As its name implies, Jemez Springs is abundant in natural hot springs, which attracts visitors from all over. Primitive hot springs make Jemez Springs loved by hikers who are rewarded with stunning waterfalls and relaxing hot springs. Spence Hot Springs, located near Soda Dam, and McCauley Hot Springs, found near Battleship Rock, are both accessible via hikes. There are also commercial hot springs, spas, and bathhouses for those who prefer a more structured environment to soak and rejuvenate. Regardless of what you decide to do, Jemez Springs is a great getaway in nature and slow living.
Bandelier National Monument
Located just 40 miles away from Santa Fe, Bandelier National Monument is spread over an expansive 33,000 acres of stunning natural geography. This breathtaking area contains ancient ruins, steep, narrow canyons with plentiful wildlife, mountains stretching up to over 10,000 feet, a colorful section of the Rio Grande Valley, and plenty more. The monument is just a few minutes’ drive away from the scientific research laboratory town of Los Alamos and several historic pueblo settlements. It is also a landmark with over 11,000 years of human history.
Visitor activities are concentrated in a short section of Frijoles Canyon, which is a 400-foot deep, sheer-walled gorge that contains the main ruins. Visitors can peruse petroglyphs and the remnants of masonry walls from early societies. And that’s not all! You can also climb ladders to view cave dwellings, meander through streams, and explore walking paths. You’ll be sure to make plenty of memories after a day spent here!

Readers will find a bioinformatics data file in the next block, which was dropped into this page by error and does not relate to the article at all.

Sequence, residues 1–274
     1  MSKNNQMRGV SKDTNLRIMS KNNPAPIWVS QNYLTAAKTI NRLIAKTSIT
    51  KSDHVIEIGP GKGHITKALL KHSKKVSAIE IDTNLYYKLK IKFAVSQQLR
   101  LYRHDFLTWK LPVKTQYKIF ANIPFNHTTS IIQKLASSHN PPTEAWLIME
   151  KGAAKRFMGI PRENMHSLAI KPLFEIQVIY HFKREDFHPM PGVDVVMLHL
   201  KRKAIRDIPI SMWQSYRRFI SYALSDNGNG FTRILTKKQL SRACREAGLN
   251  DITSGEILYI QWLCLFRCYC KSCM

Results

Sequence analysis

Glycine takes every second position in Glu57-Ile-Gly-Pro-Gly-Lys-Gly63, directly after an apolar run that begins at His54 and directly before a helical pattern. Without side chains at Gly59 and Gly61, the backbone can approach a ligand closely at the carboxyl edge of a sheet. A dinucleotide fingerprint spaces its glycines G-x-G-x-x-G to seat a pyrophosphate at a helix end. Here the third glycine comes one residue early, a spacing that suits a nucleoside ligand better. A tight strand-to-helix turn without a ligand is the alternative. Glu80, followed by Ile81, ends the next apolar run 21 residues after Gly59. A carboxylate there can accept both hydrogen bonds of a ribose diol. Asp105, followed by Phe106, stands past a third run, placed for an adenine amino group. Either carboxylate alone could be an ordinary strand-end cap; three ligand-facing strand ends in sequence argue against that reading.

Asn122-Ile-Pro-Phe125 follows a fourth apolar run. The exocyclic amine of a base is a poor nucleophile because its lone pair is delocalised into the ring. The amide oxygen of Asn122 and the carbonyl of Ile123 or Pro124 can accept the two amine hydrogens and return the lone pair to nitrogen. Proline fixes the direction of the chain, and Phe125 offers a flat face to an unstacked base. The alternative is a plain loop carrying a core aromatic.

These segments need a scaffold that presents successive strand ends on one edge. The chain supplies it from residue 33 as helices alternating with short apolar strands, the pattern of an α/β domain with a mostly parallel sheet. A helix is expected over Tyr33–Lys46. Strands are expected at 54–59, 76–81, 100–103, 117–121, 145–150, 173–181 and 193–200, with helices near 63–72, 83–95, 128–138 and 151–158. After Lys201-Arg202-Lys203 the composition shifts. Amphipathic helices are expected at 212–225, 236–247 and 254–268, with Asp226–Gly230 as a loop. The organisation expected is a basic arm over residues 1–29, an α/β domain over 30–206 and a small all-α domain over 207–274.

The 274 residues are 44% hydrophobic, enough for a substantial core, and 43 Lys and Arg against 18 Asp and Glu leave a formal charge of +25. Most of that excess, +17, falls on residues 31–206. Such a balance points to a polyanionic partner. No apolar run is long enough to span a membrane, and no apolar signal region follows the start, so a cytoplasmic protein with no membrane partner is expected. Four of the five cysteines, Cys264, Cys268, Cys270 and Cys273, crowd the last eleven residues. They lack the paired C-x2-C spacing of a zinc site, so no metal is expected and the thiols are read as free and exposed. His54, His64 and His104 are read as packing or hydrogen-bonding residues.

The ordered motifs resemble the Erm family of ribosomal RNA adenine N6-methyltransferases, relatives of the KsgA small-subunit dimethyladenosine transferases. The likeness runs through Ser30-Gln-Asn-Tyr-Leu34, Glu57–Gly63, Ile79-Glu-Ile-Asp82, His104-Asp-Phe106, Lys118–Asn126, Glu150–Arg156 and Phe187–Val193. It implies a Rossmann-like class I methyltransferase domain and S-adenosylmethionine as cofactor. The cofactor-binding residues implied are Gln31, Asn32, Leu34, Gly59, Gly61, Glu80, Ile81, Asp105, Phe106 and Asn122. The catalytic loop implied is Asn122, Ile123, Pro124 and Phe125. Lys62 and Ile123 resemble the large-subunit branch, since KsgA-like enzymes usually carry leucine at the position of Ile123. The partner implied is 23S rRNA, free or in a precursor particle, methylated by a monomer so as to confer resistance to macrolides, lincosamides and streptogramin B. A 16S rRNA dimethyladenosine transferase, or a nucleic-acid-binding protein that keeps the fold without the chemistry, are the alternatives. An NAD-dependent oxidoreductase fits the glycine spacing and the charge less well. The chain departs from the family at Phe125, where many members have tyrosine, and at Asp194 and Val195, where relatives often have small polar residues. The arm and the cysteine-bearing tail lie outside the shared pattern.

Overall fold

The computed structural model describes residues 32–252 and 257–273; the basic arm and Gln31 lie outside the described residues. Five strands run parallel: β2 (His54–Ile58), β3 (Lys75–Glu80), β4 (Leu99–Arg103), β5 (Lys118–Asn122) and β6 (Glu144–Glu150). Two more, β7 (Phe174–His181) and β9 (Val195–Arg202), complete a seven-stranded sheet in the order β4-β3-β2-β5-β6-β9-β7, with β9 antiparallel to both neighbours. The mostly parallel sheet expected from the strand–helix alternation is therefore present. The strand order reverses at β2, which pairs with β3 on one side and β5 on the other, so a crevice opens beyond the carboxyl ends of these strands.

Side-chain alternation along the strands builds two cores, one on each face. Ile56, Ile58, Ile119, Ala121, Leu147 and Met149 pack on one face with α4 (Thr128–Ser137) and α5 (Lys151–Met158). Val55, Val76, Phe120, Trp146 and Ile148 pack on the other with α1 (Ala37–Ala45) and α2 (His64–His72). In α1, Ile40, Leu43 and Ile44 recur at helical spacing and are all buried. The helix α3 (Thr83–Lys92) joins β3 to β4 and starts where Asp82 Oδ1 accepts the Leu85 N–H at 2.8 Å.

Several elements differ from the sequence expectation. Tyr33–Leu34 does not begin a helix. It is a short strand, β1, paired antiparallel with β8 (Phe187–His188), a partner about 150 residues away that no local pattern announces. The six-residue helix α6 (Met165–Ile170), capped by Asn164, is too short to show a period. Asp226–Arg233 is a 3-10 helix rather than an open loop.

White Sands National Park
Rising from the heart of the Tularosa Basin is one of the world’s great natural wonders: the glittering white sands of New Mexico. White Sands National Park features an awe-inspiring natural display of white sand created primarily from gypsum crystals. It stretches for more than 275 square miles and is considered one of the world’s largest gypsum dune fields. The timeless, glistening gypsum dunefield has nonetheless witnessed the steady advancement of human history, technology, and engineering. As a nationally protected land, it preserves the area’s unique wildlife. Once you’ve laid eyes on the rolling white sand dunes, it’s not hard to understand why this area has been used as a setting for movies.
If you’re looking for additional road trips, we suggest:
◾ Tent Rocks - Located approximately 40 miles southwest of Santa Fe, this national monument features cone-shaped tent rocks.
◾ Chimayo - Situated in the foothills of the Sangre de Cristo Mountains and just 40 minutes from Santa Fe, the village of Chimayo is known for its special historic churches, several weaving shops, and delectable food.